Georgia On My Mind
by Jonathan Singer, Fri Jun 20, 2008 at 02:54:07 AM EDT
A New InsiderAdvantage / PollPosition survey conducted June 18 of registered likely voters in the November presidential contest shows Sen. John McCain leading Sen. Barack Obama by a single point in Georgia, making the race in Georgia a statistical tie. Libertarian Bob Barr, a former Republican Congressman from Georgia, received 6 percent of the vote.
The telephone survey of 408 registered likely voters is weighted for age, race, gender, and political affiliation. The survey has a margin of error of +/- 5%. It was conducted with InsiderAdvantage's research partner Majority Opinion Research. PollPosition is InsiderAdvantage's new branding name (look for additional information and expansion of PollPosition in the coming months).
I have to admit that I just didn't see this coming. Virginia, which has been trending towards the Democrats (two straight governorship wins, soon-to-be two straight Senate wins, retaking the state Senate), I could see. Colorado, which has been trending towards the Democrats (a gubernatorial win, soon-to-be two straight Senate wins, two pick-ups in the House, retaking both chambers of the state legislature), I could see. Even Alaska I could see.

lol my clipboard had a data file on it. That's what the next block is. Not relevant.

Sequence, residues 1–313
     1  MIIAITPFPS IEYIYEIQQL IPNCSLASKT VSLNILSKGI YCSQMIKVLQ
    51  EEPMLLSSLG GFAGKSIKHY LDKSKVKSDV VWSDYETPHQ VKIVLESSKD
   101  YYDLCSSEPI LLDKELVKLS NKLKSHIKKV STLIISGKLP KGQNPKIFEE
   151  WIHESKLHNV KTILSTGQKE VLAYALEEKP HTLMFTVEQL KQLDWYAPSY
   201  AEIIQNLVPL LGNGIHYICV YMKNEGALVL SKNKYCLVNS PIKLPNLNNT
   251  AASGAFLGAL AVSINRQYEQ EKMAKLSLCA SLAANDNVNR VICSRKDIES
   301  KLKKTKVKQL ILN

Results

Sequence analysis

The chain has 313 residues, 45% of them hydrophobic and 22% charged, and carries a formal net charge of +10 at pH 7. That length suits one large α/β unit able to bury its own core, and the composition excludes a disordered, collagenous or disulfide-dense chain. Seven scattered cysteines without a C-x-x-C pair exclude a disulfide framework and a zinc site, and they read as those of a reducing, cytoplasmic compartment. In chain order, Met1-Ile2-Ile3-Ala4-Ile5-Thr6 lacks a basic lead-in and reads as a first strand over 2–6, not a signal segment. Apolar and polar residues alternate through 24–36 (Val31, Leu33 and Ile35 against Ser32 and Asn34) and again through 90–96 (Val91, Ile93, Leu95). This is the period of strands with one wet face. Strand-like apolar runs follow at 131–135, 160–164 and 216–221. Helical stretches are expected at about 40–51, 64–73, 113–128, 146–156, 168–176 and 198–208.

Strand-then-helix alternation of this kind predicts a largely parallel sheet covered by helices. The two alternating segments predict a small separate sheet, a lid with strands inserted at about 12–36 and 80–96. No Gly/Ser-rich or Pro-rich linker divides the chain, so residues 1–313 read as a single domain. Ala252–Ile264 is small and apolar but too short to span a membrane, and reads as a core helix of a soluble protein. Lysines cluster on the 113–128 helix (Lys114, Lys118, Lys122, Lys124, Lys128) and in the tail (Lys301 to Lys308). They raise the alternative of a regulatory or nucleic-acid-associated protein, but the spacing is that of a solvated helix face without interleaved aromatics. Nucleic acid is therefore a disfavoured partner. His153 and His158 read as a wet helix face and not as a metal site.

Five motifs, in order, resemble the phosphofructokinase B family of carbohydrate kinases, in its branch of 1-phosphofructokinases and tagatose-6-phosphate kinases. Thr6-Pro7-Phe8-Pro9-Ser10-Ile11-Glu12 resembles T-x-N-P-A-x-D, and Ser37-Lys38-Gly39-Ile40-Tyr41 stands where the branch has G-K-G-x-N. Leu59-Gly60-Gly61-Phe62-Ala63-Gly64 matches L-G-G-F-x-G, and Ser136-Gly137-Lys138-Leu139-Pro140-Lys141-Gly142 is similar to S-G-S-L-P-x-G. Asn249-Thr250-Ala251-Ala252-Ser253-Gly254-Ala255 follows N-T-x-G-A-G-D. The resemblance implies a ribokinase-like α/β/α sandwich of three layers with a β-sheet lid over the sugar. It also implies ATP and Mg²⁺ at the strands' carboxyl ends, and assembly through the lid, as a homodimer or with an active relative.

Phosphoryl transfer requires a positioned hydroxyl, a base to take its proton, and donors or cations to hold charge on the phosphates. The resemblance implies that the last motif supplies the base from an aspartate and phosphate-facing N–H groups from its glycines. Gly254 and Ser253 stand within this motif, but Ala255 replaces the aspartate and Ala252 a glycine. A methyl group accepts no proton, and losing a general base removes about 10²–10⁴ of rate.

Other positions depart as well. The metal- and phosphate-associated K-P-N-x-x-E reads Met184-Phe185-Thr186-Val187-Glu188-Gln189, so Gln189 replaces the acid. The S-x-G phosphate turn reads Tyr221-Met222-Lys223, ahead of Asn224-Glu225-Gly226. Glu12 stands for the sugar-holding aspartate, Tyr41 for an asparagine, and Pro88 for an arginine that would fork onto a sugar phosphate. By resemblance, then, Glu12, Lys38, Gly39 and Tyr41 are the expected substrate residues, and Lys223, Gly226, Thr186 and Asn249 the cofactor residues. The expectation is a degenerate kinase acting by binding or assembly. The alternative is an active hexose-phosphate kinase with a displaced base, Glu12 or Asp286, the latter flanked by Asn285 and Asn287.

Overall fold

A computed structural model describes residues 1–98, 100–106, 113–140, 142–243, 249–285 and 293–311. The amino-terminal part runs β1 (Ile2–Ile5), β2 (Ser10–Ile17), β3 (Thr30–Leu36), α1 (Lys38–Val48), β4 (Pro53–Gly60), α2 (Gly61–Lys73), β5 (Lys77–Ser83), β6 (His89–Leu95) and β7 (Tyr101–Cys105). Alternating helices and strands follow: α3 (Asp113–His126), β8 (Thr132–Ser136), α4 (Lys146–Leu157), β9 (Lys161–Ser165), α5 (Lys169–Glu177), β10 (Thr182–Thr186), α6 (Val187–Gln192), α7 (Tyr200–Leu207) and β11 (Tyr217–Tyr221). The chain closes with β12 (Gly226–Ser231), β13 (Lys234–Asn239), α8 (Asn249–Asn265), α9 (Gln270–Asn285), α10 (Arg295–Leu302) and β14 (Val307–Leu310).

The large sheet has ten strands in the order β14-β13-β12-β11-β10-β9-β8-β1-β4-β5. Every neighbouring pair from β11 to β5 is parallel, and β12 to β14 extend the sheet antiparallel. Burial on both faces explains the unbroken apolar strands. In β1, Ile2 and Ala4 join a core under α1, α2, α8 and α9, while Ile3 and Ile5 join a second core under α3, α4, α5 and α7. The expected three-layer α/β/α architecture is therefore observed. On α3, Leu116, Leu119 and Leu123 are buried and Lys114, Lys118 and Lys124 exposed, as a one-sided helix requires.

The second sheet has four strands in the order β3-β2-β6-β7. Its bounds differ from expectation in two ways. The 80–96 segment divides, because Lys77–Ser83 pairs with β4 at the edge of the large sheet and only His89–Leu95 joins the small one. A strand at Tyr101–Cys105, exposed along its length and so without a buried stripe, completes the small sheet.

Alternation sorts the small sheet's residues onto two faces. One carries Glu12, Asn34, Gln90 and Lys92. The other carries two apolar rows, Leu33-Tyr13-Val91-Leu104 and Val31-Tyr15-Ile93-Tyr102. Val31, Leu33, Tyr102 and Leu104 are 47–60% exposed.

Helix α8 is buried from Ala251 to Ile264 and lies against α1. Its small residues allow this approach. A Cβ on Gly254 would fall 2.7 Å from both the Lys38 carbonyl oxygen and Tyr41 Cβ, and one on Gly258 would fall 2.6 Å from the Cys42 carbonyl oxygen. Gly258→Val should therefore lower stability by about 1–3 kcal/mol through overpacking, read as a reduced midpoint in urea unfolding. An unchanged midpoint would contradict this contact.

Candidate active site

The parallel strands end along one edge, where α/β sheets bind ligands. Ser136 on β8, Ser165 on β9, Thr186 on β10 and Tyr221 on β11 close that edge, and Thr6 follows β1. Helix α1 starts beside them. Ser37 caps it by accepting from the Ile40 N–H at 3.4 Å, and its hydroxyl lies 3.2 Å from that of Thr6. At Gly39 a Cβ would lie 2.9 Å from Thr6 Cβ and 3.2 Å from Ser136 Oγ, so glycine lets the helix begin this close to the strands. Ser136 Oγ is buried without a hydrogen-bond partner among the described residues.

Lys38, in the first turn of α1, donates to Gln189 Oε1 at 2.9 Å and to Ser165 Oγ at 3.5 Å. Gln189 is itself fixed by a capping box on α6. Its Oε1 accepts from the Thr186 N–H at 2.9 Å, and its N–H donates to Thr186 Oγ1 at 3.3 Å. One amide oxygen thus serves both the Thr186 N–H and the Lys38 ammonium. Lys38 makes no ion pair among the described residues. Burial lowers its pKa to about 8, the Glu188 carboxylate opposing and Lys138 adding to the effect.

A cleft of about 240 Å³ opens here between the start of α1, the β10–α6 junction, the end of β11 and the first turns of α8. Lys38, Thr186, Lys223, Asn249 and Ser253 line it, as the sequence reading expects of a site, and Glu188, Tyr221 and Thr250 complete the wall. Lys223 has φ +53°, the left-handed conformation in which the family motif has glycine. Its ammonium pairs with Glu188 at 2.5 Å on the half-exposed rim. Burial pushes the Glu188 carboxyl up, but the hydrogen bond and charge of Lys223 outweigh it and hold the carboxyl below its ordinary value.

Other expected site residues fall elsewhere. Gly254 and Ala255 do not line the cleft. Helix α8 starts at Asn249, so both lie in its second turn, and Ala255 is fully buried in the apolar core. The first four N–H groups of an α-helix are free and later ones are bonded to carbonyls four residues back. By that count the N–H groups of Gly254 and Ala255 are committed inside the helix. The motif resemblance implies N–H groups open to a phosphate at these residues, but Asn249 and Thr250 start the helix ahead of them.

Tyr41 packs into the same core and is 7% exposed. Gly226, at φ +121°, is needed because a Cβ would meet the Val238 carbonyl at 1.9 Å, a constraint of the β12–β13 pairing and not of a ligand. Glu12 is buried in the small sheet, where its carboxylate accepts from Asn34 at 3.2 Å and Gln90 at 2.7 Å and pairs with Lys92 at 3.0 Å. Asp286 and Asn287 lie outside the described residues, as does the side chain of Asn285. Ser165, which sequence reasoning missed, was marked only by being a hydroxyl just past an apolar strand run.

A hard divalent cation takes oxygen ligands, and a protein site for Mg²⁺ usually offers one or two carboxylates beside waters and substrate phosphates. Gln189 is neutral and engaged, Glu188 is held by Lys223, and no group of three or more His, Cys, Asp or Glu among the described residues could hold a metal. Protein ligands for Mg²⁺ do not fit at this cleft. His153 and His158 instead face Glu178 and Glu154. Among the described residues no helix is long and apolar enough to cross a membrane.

But Georgia? A state that has appeared to be one of the very few (and I do mean very few) to be trending towards the GOP? Georgia is on the map? Apparently. According to the Real Clear Politics average of recent polling out of the state, John McCain's lead over Barack Obama is just 49.7 percent to 41.3 percent. Nate Silver gives Obama a 28 percent shot at carrying the state -- not overwhelming, but certainly much higher than I would have anticipated.
So will Obama carry Georgia with the help of Bob Barr, who represented the state in Congress? At this point, it doesn't even really matter. It would be yet another back-breaker were it the case that Obama beat McCain in Georgia, making it that much more difficult (if not impossible) for McCain to make it to the White House without those 15 electoral votes. But even more important, by making the McCain campaign play defense in a state that the GOP hasn't had to defend during the last two presidential elections, thus spreading its resources even more thinly, Obama increases the likelihood that he is able to win overall. It almost makes you wonder why the Democrats weren't operating under a 50-state strategy earlier...